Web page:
Teen who died in crash after Wellington police pursuit was in the car's boot
A teenager who died in the boot of a stolen car that crashed in Wellington after it fled from police has been named.
Bailey Patmore, 15, from Cannons Creek in Porirua died at the scene and was one of six people in the car, police said.
A police dog handler had earlier spotted the small hatchback driving north on State Highway 1, near the Terrace tunnel entrance, at high speed shortly before 3am, Superintendent Sam Hoyle said.
The vehicle had been reported stolen from Petone the night before.Advertisement Advertise with NZME.
The officer gave chase when the car failed to stop, before it crashed on SH1 south of the Tawa off-ramp.
Five others - four teenagers and one 21-year-old, all from Porirua - were taken to Wellington Hospital with minor injuries.
Supt Hoyle said it was after the crash that the pursuing officer learnt there had been six people in the car, including one in the boot.
"This is an incredibly sad time for the family of the teen who died, and May 19 will never have the same meaning for them again," he said.
"Police are with the family today and will continue to provide support."
There will be a Serious Crash Unit investigation and internal police investigation into the incident, while the Independent Police Conduct Authority has been notified.
Supt Hoyle said officers and staff at communication centres constantly make risk assessments when involved in pursuits.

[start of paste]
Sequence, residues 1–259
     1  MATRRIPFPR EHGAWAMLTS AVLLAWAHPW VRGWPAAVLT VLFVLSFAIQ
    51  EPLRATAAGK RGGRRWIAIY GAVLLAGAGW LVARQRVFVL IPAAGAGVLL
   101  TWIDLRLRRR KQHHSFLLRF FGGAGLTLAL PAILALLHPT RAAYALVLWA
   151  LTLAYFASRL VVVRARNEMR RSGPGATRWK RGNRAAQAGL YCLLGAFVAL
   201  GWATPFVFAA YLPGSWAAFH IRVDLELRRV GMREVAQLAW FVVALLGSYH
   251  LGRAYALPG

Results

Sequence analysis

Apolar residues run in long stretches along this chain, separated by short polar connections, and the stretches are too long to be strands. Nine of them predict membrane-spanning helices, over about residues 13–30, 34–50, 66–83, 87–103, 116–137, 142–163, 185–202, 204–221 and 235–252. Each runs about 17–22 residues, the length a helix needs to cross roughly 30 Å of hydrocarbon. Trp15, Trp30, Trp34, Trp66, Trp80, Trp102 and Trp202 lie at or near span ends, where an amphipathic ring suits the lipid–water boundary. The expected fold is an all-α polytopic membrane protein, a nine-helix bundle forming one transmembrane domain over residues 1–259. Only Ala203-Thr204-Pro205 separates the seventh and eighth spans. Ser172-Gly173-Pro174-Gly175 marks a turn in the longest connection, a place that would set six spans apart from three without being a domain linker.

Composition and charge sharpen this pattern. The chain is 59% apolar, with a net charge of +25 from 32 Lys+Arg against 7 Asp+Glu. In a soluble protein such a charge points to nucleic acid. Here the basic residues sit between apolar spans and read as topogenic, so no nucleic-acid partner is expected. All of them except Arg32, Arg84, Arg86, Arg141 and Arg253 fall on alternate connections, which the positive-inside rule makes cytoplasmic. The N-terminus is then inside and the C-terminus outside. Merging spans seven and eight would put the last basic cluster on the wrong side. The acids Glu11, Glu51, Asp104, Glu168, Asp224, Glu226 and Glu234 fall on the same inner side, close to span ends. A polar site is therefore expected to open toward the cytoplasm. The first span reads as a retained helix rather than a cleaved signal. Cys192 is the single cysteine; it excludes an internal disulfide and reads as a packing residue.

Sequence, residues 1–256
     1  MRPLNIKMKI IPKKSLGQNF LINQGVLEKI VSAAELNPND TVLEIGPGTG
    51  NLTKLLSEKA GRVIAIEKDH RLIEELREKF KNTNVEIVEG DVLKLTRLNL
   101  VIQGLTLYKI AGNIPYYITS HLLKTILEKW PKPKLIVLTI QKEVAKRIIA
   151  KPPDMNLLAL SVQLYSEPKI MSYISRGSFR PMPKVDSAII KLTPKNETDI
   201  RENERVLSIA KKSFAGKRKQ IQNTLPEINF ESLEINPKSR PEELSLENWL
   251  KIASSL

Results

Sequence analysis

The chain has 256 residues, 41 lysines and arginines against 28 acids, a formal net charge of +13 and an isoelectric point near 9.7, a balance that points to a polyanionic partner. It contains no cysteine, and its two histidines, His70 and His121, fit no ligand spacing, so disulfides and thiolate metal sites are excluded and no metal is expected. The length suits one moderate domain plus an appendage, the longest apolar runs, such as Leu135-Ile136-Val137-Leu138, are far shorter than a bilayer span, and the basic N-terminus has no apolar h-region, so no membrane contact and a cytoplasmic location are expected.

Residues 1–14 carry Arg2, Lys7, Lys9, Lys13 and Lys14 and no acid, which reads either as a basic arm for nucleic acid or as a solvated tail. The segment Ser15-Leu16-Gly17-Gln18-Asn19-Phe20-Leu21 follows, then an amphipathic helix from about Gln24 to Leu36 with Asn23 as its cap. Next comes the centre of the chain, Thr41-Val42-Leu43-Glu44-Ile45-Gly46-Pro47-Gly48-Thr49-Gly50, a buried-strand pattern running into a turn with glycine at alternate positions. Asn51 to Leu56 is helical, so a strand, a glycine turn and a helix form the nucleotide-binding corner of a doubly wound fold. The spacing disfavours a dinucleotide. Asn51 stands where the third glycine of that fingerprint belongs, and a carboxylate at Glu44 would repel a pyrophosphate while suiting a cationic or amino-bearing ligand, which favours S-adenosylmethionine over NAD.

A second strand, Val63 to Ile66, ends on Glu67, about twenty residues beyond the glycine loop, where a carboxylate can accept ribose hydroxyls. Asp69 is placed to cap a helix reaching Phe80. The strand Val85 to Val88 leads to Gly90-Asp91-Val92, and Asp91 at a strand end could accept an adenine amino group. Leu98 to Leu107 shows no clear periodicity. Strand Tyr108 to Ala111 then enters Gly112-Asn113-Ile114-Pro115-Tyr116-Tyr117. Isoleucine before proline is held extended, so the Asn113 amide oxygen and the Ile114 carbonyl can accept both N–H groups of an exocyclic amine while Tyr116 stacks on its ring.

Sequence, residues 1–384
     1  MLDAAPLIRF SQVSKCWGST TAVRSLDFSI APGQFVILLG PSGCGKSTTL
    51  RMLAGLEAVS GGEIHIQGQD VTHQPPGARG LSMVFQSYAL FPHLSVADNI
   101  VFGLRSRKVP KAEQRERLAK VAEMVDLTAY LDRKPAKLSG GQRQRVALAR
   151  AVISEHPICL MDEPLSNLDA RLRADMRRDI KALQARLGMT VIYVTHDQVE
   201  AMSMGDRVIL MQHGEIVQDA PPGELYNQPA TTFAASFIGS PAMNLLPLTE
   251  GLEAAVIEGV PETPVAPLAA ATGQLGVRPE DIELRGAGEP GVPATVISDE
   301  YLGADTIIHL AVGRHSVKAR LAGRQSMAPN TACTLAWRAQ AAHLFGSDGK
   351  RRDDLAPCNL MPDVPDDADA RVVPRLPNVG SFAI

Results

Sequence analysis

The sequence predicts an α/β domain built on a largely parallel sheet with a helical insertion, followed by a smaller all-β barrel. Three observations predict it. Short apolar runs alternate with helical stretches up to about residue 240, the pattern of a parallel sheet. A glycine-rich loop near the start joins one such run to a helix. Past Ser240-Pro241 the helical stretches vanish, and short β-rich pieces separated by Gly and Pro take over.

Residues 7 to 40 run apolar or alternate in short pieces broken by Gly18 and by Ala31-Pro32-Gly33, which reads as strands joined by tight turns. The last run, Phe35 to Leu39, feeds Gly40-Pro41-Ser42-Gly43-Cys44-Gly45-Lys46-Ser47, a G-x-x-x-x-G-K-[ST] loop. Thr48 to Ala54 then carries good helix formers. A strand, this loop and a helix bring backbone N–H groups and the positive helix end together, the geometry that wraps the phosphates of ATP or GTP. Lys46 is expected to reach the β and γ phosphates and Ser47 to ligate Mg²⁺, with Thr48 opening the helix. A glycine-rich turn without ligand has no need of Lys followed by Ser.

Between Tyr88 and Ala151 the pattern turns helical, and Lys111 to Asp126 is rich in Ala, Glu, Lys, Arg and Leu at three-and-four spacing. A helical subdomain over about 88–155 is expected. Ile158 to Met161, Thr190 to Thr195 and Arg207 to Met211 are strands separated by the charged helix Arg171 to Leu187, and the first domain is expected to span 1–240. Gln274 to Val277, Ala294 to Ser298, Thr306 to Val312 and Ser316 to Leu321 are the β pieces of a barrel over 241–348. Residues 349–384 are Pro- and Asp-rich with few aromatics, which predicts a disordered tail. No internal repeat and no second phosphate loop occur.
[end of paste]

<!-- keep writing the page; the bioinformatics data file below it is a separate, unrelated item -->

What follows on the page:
"The motivations for fleeing are many and varied and it's hard at times to understand the mentality of fleeing drivers â" we just wish they would pull over," he said.
It follows the death of innocent motorist and Nelson mum Carmen Yanko, 53, in March when her car was hit head-on by another vehicle driving on the wrong side of the road as it fled from police.
The second car was carrying two men, who also died in the collision.
Yanko's death brought about an outpouring of grief and led Automobile Association motoring affairs general manager Mike Noon to say banning pursuits was "something we should look at and see how it is working in other conditions".
On average, about 10 drivers flee police every day. Between October 2016 and September last year, seven deaths and 552 crashes were recorded.
Police pursuits have been banned in some Australian states and American juridisdictions.
Mr Noon called for New Zealand to study results from Queensland where state police are not allowed to chase a vehicle unless the driver was involved in murder or posed an imminent threat to someone's life.
By contrast, New Zealand police are allowed to use their judgment when a driver fails to stop and tries to elude them.
They are supposed to give up the chase if it becomes dange rous.
Two more people also died on New Zealand roads last night - a teenager on a bicycle in Auckland, and a person in a single-car crash in Canterbury.Source: Google News